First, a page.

Senator Heidi Heitkamp Didn’t Show up for Her First Debate With Congressman Kevin Cramer


Sen. Heidi Heitkamp, D-N.D., talks to retired truck drivers about the pension crisis that threatens their livelihood Tuesday, April 3, 2018, at Marlin's restaurant in Fargo. Tu-Uyen Tran / The Forum

Over the weekend the North Dakota Newspaper Association held their first debate between North Dakota’s candidates for federal office.

Well, two of those candidates anyway. Republican state Senator Kelly Armstrong squared off with Democratic opponent Mac Schneider. Each are seeking North Dakota’s lone U.S. House seat. Observers in the room tell me the two were pretty evenly matched, which perhaps isn’t all that surprising given this Jack Dura report in the Bismarck Tribune which tells us that the two candidates didn’t find much to disagree on either.

Let’s hope those two contrast themselves better going forward.

One other federal candidate did show up to debate. Congressman Kevin Cramer, Republican candidate for the U.S. Senate, spoke to attendees before the House candidates went at it.

He didn’t get to debate because incumbent Senator Heidi Heitkamp didn’t show up.

“We invited Cramer and Heitkamp to appear May 5 at our annual convention. It was date specific because that’s when our members will be in town,” NDNA President Steve Andrist told me last month on April 5 when I inquired about Heitkamp’s decision not to attend the event. “Cramer’s staff said that date works for him, but Heitkamp’s staff said her schedule was already full that day, and therefore could not make it. So it would be wrong to say she withdrew or declined, but we are disappointed she is unable to attend on the date of our meeting.”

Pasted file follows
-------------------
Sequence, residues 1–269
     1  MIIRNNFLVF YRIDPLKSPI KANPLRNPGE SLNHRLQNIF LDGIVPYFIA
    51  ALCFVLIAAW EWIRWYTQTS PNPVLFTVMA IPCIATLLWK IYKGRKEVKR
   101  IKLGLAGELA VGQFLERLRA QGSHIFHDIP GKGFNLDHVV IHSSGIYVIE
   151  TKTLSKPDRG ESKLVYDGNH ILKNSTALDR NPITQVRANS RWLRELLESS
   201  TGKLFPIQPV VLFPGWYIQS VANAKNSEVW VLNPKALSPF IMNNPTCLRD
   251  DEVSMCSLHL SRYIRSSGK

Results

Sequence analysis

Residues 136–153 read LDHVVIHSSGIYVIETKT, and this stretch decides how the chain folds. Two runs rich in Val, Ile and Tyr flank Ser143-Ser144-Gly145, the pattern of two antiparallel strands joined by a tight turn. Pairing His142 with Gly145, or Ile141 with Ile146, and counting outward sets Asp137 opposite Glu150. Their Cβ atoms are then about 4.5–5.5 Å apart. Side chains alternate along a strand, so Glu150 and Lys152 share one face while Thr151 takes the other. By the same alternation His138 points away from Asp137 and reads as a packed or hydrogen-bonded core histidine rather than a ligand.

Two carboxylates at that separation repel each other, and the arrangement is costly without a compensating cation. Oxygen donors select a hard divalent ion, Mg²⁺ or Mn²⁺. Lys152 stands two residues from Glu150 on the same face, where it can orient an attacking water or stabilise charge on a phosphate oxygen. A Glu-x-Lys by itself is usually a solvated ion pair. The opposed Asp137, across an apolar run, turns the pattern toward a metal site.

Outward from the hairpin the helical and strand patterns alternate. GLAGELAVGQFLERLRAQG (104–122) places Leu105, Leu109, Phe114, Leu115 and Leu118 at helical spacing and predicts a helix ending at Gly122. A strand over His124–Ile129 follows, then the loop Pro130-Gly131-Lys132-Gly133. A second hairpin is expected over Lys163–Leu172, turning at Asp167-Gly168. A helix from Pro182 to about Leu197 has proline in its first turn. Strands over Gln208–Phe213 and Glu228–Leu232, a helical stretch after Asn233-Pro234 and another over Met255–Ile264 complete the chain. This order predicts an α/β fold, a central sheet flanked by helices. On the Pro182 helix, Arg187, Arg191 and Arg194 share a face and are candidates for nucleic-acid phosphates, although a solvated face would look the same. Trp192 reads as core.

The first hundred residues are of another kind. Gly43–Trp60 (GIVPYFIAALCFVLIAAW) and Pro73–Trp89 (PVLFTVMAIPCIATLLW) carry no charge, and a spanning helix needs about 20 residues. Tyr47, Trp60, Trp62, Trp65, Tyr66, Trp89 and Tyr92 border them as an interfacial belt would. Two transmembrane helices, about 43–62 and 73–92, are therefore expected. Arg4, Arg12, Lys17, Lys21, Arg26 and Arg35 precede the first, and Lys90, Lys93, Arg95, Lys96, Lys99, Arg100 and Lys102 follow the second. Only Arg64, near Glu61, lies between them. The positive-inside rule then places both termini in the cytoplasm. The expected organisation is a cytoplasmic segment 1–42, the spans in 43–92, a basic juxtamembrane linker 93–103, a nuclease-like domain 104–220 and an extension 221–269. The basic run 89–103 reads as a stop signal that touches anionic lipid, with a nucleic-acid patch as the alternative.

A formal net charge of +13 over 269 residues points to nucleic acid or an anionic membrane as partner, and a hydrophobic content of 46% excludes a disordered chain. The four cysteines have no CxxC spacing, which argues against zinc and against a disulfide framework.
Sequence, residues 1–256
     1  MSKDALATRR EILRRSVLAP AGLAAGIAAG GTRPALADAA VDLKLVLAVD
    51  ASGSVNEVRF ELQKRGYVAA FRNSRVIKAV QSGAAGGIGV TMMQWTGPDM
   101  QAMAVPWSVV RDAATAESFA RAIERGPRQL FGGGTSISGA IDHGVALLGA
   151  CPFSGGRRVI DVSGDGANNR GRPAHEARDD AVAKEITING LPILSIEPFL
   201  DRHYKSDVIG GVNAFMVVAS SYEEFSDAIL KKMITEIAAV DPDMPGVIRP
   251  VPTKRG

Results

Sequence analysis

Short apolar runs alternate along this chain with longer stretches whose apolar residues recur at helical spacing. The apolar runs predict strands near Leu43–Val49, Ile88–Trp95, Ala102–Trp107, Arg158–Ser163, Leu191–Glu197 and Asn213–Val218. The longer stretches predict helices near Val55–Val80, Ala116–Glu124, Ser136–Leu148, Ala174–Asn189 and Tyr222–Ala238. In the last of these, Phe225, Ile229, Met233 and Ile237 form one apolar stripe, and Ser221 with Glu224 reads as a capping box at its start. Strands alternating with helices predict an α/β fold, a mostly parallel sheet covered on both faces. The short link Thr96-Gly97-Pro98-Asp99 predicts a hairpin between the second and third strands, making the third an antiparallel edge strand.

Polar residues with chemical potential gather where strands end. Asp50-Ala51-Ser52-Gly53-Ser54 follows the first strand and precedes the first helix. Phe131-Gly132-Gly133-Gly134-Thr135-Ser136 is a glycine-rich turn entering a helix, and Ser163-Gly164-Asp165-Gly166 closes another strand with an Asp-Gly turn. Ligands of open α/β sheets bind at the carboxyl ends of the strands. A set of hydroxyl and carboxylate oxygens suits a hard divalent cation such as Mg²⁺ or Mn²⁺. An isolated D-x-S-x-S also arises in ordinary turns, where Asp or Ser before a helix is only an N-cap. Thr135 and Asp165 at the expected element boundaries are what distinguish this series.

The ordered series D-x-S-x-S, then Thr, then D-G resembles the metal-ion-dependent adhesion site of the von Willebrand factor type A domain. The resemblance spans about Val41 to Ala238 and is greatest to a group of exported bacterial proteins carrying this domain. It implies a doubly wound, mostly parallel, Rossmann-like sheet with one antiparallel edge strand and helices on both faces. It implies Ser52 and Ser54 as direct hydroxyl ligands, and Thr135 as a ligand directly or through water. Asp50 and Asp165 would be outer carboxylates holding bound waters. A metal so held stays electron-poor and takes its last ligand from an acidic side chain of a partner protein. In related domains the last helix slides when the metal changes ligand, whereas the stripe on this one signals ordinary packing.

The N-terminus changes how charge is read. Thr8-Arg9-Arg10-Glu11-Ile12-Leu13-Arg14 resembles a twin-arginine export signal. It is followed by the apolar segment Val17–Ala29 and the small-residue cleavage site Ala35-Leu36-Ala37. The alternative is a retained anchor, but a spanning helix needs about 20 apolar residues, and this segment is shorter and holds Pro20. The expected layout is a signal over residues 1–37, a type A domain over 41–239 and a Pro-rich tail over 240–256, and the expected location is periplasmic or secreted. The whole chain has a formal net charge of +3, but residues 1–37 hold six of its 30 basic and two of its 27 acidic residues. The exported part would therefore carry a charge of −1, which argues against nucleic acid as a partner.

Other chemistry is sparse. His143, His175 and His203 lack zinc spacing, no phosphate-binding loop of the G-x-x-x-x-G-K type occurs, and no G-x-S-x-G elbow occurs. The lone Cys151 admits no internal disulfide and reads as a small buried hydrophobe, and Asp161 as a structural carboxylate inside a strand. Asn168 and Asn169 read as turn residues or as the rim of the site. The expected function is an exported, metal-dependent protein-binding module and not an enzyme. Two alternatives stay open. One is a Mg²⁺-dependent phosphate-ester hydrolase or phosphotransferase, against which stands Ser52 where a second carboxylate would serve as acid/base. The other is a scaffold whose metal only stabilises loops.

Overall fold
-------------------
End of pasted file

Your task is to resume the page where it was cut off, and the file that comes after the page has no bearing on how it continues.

Andrist added that both Cramer and Heitkamp said they were open to future debates.

In another context this might not be a very big deal. Sometimes scheduling just doesn’t work, especially when it hinges on being available on one specific date.

But it’s not clear what exactly Heitkamp was doing that she couldn’t debate. Both her official and campaign Twitter feeds were full of the usual sort of propaganda the Senator’s staff churns out daily, but nothing which showed the Senator busy with some other important task on Saturday.

Same for the Senator’s Facebook page. The news and press releases on her official Senate website don’t help either.

This is probably the biggest political competition of Heitkamp’s political career. If she was going to skip the first debate in that competition, don’t you think she’d want to explain why?

Did anyone bother to ask why? I sent an inquiry to the Senator’s official and campaign staff, but I’m not hopeful of a response since they typically ignore me.

Which brings me to another point: Heitkamp’s steadfast refusal to engage her critics in the media.

The Senator and her staff ignore my weekly requests for interviews. Television commentator Chris Berg and talk radio host Scott Hennen get the same treatment. Even non-opinion journalists have complained to me about the tight controls the Senator and her staff put on access.

What this adds up to is a portrait of an incumbent who likes to posture herself as a woman-of-the-people but isn’t all that interested in communicating with the public candidly and in diverse venues.

Did the Senator really have a scheduling conflict on Saturday? Or was it yet another act of avoidance from the Senator?